The Pomodoro Technique: The Key to Successful Time Management

Get to know this way of working–your brain will thank you!

You'll have already figured it out by now: human beings are not machines. Although many of us would love to be able to perform at a steady pace for hours at a time, inevitably, our attention wanes, our brainpower deteriorates, and we can become prone to procrastination.

To perform well, to make the most challenging days productive, we must understand how our brains work and organize our planning around that information–that's what the Pomodoro Technique is all about.

The Pomodoro Technique: The Key to Successful Time Management 1
Priority lists are a key part of every productivity plan.

Why is it called Pomodoro?

I'm sure you're wondering what productivity has to do with a pasta sauce. Well, nothing. The method was named after the tomato-shaped kitchen timer that Francesco Cirillo, the creator of this technique, would use to break up his days.

What is it?

The Pomodoro Technique structures study and work time in short but high-intensity intervals, followed by short (and not so short) breaks that make your work much more bearable. To apply it, you need to:

1. Work out what your tasks are.

Systematize what you must do and what you need to focus on by making a priority list. Assign colors, numbers, or shapes to each task in a new day to signal how important they are.

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Organizational systems require you to create a hierarchy of tasks.

2. Shut off your surroundings

You really have to disconnect and shut off your surroundings. Block messages and calls. During the time spent working using this method, you cannot allow any kind of distraction. Keep in mind that this method’s success is down to the intensity of the time you devote to the task.

3. Time each interval

Now that you are clear about what you have to focus on, set a timer to track how long each interval lasts. The recommended way to break up your time is as follows: you will dedicate 25 minutes to your tasks, after which you will take a 5-minute break. After four cycles of 25 minutes, you should take a longer break of 20 or 30 minutes.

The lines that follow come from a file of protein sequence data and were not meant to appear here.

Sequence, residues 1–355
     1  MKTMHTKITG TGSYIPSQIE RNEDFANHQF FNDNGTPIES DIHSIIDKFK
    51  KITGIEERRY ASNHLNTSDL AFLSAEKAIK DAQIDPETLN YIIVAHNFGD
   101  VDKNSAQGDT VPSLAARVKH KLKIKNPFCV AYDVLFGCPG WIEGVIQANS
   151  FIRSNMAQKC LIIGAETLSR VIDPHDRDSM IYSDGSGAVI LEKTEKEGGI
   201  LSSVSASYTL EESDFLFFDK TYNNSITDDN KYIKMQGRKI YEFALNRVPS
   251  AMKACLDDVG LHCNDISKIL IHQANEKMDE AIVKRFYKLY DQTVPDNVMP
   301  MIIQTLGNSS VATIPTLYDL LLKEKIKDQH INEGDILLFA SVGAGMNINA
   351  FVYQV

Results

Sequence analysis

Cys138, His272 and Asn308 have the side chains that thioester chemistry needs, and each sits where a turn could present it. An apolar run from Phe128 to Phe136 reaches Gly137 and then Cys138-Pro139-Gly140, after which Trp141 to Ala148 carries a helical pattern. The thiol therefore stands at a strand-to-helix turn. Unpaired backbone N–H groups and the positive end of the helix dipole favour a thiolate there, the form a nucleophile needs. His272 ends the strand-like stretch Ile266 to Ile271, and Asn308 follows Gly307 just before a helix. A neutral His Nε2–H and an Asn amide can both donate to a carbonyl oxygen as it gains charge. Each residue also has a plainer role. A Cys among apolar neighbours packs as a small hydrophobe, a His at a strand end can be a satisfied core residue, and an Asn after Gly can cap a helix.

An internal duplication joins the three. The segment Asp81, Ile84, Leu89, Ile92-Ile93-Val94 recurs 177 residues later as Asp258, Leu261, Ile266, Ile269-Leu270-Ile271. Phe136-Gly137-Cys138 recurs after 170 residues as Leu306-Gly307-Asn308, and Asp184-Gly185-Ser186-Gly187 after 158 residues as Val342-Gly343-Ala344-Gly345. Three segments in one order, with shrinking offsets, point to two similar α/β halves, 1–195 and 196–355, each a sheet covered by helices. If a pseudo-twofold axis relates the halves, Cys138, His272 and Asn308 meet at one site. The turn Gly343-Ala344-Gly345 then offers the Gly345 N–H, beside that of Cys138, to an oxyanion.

During this long break, you should really disconnect and genuinely enjoy yourself. The idea is to keep away from unfinished business–don’t continue to stress yourself out. Go for a walk, chat with a friend, make yourself something tasty to eat. You will come back refreshed, and you will have increased your productivity without putting yourself under more stress. Your body will thank you.

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Split up your activities into intervals.

4. Really understand the value of rest

No athlete in his right mind would ever think of exercising for four or five or six hours straight without rest. And if they did, it wouldn't take long for them to collapse. Although it is not a muscle, the brain needs energy and gets exhausted. While it doesn't tire in the same way muscles do, it can become chemically exhausted. In other words, it can deplete certain substances that keep it awake and motivated. This is what happens when we feel we have lost the will and desire to do things throughout the day.

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Take breaks and enjoy a coffee or a chat.

However, don't use the Pomodoro Technique if...

The Pomodoro method is very good for dense tasks that require a lot of concentration to ensure you don’t miss something or cut corners. However, this method is not as effective for certain creative tasks. If you are enthusiastic about a project and feel like you’ve been caught up in a flow of energy where you keep coming up with ideas, there is no point in interrupting that process. Wait until it’s time to put those creative ideas in order before you take a break.

If you are feeling overwhelmed by the need to be productive, you might benefit from testing out some time management techniques recommended by professionals. Sign up for the course, Time Management Techniques for Creators and Creatives, by Mònica Rodriguez Limia.

English version by @eloise_edgington.

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